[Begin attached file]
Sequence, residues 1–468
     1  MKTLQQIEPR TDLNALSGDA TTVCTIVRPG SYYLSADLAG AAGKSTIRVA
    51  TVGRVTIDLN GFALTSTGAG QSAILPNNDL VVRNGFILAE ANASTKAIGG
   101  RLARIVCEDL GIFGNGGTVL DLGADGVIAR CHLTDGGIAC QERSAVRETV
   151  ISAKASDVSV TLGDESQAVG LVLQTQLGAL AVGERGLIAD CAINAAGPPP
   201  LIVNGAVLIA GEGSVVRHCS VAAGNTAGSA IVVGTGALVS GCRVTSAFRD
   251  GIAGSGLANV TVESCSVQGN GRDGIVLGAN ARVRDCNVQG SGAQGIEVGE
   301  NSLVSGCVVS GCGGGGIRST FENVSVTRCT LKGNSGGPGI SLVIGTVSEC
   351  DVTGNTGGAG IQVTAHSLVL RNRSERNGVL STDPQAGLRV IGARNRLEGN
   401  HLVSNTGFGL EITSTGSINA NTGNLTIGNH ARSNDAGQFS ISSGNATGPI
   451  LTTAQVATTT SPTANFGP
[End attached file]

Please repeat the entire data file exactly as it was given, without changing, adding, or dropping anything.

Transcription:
Sequence, residues 1–468
     1  MKTLQQIEPR TDLNALSGDA TTVCTIVRPG SYYLSADLAG AAGKSTIRVA
    51  TVGRVTIDLN GFALTSTGAG QSAILPNNDL VVRNGFILAE ANASTKAIGG
   101  RLARIVCEDL GIFGNGGTVL DLGADGVIAR CHLTDGGIAC QERSAVRETV
   151  ISAKASDVSV TLGDESQAVG LVLQTQLGAL AVGERGLIAD CAINAAGPPP
   201  LIVNGAVLIA GEGSVVRHCS VAAGNTAGSA IVVGTGALVS GCRVTSAFRD
   251  GIAGSGLANV TVESCSVQGN GRDGIVLGAN ARVRDCNVQG SGAQGIEVGE
   301  NSLVSGCVVS GCGGGGIRST FENVSVTRCT LKGNSGGPGI SLVIGTVSEC
   351  DVTGNTGGAG IQVTAHSLVL RNRSERNGVL STDPQAGLRV IGARNRLEGN
   401  HLVSNTGFGL EITSTGSINA NTGNLTIGNH ARSNDAGQFS ISSGNATGPI
   451  LTTAQVATTT SPTANFGP